The object passed the witnesses and slowly flew around the Nicolaï Place, then passed the witnesses again. Valenzano then noticed a rotating red light at the center of the 3 white lights. This red light seemed to be located lower, as if independent from the main object.
The object moved away. Valenzano could not see the thickness of the object at any moment.
After being introduced at a recent holiday party as the author of the “New York Skies” column to several guests, I suspected the host knew that the UFO topic would spark some lively conversation. It did!
I would describe the people that huddled around me with questions like the beginning of a joke: “A UFO skeptic, a true believer and a clueless person walked into a bar …”
The skeptic asked me, “why are you writing such nonsense?” My simple answer, “because very few others in the media are bothering to write about it.”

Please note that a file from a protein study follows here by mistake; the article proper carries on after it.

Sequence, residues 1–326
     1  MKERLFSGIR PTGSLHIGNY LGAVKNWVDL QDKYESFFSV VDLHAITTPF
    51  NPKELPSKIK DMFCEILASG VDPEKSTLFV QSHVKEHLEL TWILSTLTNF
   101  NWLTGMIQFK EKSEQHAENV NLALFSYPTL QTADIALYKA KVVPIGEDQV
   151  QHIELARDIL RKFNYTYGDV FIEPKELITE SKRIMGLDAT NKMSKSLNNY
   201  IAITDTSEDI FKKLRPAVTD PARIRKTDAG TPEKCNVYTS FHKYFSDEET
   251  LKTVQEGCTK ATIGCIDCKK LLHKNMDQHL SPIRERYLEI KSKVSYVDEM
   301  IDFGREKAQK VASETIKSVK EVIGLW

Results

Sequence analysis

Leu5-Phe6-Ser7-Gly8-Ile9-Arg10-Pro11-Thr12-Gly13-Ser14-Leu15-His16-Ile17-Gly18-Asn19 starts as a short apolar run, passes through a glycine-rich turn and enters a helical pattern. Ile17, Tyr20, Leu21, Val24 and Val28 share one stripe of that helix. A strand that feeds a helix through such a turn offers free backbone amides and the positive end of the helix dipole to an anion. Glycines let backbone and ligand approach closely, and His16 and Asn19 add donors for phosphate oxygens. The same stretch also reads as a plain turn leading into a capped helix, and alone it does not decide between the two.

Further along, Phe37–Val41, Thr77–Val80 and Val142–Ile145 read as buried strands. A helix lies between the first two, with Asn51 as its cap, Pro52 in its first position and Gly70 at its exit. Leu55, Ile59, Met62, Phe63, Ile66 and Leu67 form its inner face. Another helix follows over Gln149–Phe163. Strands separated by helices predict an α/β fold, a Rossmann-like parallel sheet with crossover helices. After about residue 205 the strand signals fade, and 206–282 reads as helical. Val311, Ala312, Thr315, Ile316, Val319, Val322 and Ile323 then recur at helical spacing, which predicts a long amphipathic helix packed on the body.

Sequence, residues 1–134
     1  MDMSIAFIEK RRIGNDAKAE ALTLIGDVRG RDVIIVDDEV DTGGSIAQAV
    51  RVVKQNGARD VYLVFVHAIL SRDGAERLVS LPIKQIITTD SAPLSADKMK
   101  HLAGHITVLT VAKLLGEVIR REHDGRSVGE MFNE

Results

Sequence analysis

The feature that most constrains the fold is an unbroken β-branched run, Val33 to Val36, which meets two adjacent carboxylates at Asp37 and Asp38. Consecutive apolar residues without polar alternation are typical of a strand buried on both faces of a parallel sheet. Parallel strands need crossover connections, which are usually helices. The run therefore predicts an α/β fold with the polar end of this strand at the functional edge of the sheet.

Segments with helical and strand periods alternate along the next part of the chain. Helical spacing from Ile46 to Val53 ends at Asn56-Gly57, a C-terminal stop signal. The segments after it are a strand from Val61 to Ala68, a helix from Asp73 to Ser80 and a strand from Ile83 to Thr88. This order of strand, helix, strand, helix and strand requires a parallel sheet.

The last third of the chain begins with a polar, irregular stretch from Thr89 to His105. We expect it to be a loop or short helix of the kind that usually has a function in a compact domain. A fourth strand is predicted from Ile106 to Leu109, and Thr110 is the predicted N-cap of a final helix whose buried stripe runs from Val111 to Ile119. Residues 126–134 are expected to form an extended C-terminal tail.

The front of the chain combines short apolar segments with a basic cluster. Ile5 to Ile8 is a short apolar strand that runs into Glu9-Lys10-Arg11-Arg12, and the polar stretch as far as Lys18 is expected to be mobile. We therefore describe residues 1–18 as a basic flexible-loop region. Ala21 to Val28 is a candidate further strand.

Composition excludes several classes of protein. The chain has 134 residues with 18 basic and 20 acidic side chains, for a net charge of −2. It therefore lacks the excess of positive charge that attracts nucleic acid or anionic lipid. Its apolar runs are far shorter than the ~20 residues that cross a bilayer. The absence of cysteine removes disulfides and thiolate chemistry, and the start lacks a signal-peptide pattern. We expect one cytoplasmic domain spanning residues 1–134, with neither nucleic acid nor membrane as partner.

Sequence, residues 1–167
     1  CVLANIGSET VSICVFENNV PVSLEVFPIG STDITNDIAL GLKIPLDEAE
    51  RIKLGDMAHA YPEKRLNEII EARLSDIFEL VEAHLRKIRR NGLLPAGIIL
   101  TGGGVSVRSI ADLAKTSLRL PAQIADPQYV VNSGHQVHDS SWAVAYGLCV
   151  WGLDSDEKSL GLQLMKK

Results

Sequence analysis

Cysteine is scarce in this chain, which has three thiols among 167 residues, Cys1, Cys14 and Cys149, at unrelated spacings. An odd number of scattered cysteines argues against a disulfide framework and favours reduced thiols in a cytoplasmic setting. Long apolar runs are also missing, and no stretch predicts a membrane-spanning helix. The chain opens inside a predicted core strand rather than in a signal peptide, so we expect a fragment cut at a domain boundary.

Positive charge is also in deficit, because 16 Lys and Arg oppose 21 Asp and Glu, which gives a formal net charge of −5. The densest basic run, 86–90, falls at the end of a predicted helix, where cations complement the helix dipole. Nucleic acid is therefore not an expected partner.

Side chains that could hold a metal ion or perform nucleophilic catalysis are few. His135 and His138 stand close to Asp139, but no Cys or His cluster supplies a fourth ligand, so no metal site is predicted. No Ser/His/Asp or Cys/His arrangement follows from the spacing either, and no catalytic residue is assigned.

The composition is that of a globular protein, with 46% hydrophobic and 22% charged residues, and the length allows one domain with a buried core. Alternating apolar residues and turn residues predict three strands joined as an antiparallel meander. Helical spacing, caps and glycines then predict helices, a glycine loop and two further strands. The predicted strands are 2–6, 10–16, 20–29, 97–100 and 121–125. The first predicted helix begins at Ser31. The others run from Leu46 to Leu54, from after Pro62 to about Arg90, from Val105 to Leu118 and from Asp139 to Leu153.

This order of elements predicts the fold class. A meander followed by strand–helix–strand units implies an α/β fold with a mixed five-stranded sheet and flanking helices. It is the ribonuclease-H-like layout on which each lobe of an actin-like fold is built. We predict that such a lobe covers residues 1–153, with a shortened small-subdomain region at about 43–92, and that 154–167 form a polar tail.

The clueless one innocently asked, “surely there aren’t that many sightings here in New York?” She pointed out that she never reads about it in the press. I simply smiled and commented that New York averages in excess of 300 UFO reports a year or roughly 5,000 in the past 16 years.
The true believer gave me a puzzled look and asked, “What are the U.S. numbers for the same time period?” I casually told her, “About 74,000.” I watched both the clueless and the believer get deer-in-the-headlights looks at the sheer magnitude of that number.
After listening to our recent podcast with Kevin Randle discussing ‘no mentions of Roswell until 1980’, Frank Barnes writes the account below that sheds light on an unheard of 1960s mentioning of the Roswell UFO Incident.